ONE WOULD think that having good actors like Om Puri, Ashutosh Rana and Milind Gunaji would make a good film! Add to that list Ashish Vidyarthi, Sayaji Shinde and Aloknath. What a wealth of talent. Well it could have been a meaningful film if it did not go the "Gaddar" way.
If in "Gaddar" patriotism and courage were taken to unrealistic lengths, here gangsters' love for the nation and a passion to eliminate anti-social elements from a deeply corrupted society are given the usual, clichéd touches.
The underworld and scheming politicians have always made good celluloid material, "Satya" is an example. The lingo, that of the underworld, was well put to use by terrific actors giving the characters an eerie realism. Rukamanee Arts' "Ansh" could have made it if it did not resort to obvious violence, platitudes and self-righteous statements - though in spirit they are warranted.
The story is rather complicated with many twists and turns, with plots and sub-plots leaving the viewer rather tired at the end of it all.
In its simplest form it involves the courage and fighting spirit of DCP Bhagat Singh Pandey (Om Puri), Inspector Sukhdev Singh (Ashutosh Rana) and young Raj Guru (Abbas), who is forced into the underworld due to circumstances. All three of them - honest, upright and utterly loyal to their country want to eliminate goondaism and corruption that is rampant among the politicians and the underworld gangs who play in the wheeling and dealings of the so-called guardians of the country. Their reach is phenomenal and they can get any officer transferred should he impede their nefarious activities. Of course it is not so easy to do that without heartaches and plenty of deaths in the form of shoot-outs and plunder. With each eye for an eye, the scene gets murkier and murkier with all of them cornered into taking drastic action.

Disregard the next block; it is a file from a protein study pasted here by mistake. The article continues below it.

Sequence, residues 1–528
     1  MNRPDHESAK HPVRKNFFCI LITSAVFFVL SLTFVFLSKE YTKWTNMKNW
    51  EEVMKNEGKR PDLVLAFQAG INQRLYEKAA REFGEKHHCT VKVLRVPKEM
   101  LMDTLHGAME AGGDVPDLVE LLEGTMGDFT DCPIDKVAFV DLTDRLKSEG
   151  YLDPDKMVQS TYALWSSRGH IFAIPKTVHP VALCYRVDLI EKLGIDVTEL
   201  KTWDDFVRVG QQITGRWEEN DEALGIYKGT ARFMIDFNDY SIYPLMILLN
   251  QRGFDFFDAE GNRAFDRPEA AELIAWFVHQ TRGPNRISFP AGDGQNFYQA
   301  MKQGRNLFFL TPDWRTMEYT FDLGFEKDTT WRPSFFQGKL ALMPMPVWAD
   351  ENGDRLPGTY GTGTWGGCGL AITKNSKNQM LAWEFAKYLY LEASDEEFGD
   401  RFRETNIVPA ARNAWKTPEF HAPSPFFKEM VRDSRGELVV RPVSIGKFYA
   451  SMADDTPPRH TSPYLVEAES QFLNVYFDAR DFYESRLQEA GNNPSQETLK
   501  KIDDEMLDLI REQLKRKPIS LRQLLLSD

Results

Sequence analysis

The climax is highly sentimental with images of martyrs, Bhagat Singh, Sukhdev Singh and a loud musical score that draws on many patriotic numbers including `Sare Jahan Se Achha". Something one has to see if there is any inclination.
In all this crass commercialism, there are some redeeming features - for instance, rather good performances despite the limited canvas each character has - not forgetting earlier presentations of this genre of films.
Om Puri's creditable, despite his problem of fighting the entire rotten bunch almost single-handedly and remaining cool and calm at the end of it all. Ashutosh Rana for a change plays a good cop wrongly convicted with a fair amount of maturity. As for Abbas, he got really lucky to be on par with such good actors role-wise and does a good job. Quite a deviation from his lover boy image.
All the mean guys do what the director has expected of them- right from the crude language to their overall appearance - the prototypes that have been seen so often.
The dialogues are actually quite pithy in parts and if they did digress into the realm of melodrama it probably was intentional. The music by Nadeem Shravan is completely forgettable just as the background score, which loomed all over adding to the fire and din of gunshots and loud conversations. Written and directed by Rajan Johri the film does have some points to ponder over, so what if it is a pot boiler of sorts?
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